Thus, I thought that a reference to the noun “messianism” would have needed some explaining, no matter which definition was selected from a typical dictionary online:

mes·si·a·nism … noun

1. (often initial capital letter) the belief in the coming of the Messiah, or a movement based on this belief.

2. the belief in a leader, cause, or ideology as a savior or deliverer. …

The crucial question, once again: Did Yaalon used a term best translated as “messianism”?

As it turns out, Prof. Mark Silk at Trinity College has offered a post that offered some helpful information on this question, working from the Hebrew text at the heart of the story.

Aided and abetted by my religion department colleague Ron Kiener, I am happy to report that the term in question is … techushah meshichit … which is better translated as “messianic impulse” than “messianic fervor” (as the Yedioth translator put it). In English, “messianism” (or “Messianism”) is usually used to refer to belief in an imminent coming of the messiah (or The Messiah), rather than a conviction of one’s own messianic status, which is what Ya’alon intended to tag Kerry with.

Quite interesting and, as I said, helpful.

In other words, the point was — using that second definition — to imply that, in his quest for peace in the Middle East, the U.S. secretary of state seems to think that he is acting in some kind of messianic role or that he is being driven by a messianic impulse. Did I get that right?

The only issue, apparently, on which Silk and I disagree is in his next statement:

[Read more...]

Whoa! Was John Kerry being too messianic or Messianic?

Holy dictionary! Talk about leaving a crucial term in a story undefined, unexplained, unattributed or all of the above.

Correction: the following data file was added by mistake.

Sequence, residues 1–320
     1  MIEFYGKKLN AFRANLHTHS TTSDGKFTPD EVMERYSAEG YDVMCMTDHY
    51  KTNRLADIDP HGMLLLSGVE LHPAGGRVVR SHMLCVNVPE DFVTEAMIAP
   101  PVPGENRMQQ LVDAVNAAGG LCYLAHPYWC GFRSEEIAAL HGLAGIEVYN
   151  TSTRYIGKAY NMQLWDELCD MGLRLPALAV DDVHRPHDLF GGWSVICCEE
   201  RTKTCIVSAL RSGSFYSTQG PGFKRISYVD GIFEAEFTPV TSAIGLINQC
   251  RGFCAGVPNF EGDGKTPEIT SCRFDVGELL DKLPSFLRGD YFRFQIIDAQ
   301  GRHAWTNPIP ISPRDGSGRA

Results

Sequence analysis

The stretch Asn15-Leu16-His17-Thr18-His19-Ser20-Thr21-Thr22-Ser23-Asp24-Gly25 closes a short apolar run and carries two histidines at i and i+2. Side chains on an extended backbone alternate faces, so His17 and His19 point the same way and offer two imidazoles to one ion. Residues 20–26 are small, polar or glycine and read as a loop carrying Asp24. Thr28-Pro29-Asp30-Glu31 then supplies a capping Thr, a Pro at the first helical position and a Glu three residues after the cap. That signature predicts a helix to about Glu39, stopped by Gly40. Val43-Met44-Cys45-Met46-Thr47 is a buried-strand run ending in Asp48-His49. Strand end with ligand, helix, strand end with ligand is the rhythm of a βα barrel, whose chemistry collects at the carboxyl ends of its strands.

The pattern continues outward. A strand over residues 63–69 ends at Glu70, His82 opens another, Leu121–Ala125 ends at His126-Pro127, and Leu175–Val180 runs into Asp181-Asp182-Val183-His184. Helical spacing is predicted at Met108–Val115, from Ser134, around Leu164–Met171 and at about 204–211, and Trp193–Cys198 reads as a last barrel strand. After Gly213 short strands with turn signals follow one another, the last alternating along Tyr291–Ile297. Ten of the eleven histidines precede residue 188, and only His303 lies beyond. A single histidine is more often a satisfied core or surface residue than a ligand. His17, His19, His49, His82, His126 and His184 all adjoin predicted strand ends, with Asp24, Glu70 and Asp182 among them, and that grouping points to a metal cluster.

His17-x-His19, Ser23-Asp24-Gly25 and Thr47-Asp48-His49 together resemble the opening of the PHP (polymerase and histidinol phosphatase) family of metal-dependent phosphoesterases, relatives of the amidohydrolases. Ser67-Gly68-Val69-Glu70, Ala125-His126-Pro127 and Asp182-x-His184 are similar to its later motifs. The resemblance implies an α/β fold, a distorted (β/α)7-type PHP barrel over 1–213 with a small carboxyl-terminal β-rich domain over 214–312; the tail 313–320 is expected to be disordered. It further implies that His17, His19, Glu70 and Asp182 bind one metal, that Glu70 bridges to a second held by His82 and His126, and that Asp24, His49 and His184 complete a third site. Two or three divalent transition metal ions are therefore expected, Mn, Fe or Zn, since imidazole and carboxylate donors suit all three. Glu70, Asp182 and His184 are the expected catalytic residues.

I almost spit my Diet Dr Pepper all over my iPad this morning (which is easier to clean than a computer keyboard, just sayin’) when I read the top of this Los Angeles Times report about Secretary of State John Kerry’s ongoing, some would say “relentless,” campaign to make headlines in the Middle East.

Spot the land-mine term in this opening:

WASHINGTON – The White House on Tuesday condemned as “offensive” the reported comment of Israel’s defense minister that Secretary of State John F. Kerry’s campaign for Mideast peace grows from his “messianism.”

In an incident that may deepen strains between the two governments, Defense Minister Moshe Yaalon was quoted in the Israeli daily Yediot Aharonot as saying that Kerry is “inexplicably obsessive” and “messianic.” He added that “the only thing that may save us is if Kerry wins the Nobel Prize and leaves us,” the article said.

OK, hold it. It is one thing to say that Kerry has a bit of a “messiah complex” when it comes to engineering a breakthrough. It is also possible to say that he is hunting this white whale of foreign policy with “messianic fervor.”

But who took a colorful use of messianic language and turned it into the noun “messianism”? Was this someone in this particular newsroom?

Also, since the status of Palestinian Christians in Israel and in the wider Middle East is such a hot-button issue, is there any chance that Yaalon deliberately used hot-button language that hinted at Messianism with a big “M,” as opposed to with a tamer small “m”?

Does that matter? Let’s look at a typical online dictionary for guidance on this question:

mes·si·a·nism … noun

1. (often initial capital letter) the belief in the coming of the Messiah, or a movement based on this belief.

2. the belief in a leader, cause, or ideology as a savior or deliverer. …

Meanwhile, I am seeing some interesting variations on the actual Yaalon quotation. Consider the top of this report in USA Today:

[Read more...]


CLOSE | X

HIDE | X